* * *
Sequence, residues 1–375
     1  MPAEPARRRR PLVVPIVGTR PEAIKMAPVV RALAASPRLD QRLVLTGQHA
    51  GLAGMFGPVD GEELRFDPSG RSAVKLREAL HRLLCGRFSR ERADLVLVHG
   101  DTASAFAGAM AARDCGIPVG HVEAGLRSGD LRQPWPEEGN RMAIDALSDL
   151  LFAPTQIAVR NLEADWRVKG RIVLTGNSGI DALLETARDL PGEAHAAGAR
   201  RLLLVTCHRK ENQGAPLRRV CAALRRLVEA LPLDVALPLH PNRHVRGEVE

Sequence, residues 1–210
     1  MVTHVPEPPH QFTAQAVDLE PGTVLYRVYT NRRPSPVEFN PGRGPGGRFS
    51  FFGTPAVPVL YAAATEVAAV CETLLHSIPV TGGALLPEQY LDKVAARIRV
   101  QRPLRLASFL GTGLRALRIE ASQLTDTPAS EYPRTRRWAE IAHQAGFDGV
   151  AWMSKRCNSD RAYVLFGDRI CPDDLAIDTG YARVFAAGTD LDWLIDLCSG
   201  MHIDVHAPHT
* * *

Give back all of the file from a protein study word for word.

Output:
Sequence, residues 1–375
     1  MPAEPARRRR PLVVPIVGTR PEAIKMAPVV RALAASPRLD QRLVLTGQHA
    51  GLAGMFGPVD GEELRFDPSG RSAVKLREAL HRLLCGRFSR ERADLVLVHG
   101  DTASAFAGAM AARDCGIPVG HVEAGLRSGD LRQPWPEEGN RMAIDALSDL
   151  LFAPTQIAVR NLEADWRVKG RIVLTGNSGI DALLETARDL PGEAHAAGAR
   201  RLLLVTCHRK ENQGAPLRRV CAALRRLVEA LPLDVALPLH PNRHVRGEVE

Sequence, residues 1–210
     1  MVTHVPEPPH QFTAQAVDLE PGTVLYRVYT NRRPSPVEFN PGRGPGGRFS
    51  FFGTPAVPVL YAAATEVAAV CETLLHSIPV TGGALLPEQY LDKVAARIRV
   101  QRPLRLASFL GTGLRALRIE ASQLTDTPAS EYPRTRRWAE IAHQAGFDGV
   151  AWMSKRCNSD RAYVLFGDRI CPDDLAIDTG YARVFAAGTD LDWLIDLCSG
   201  MHIDVHAPHT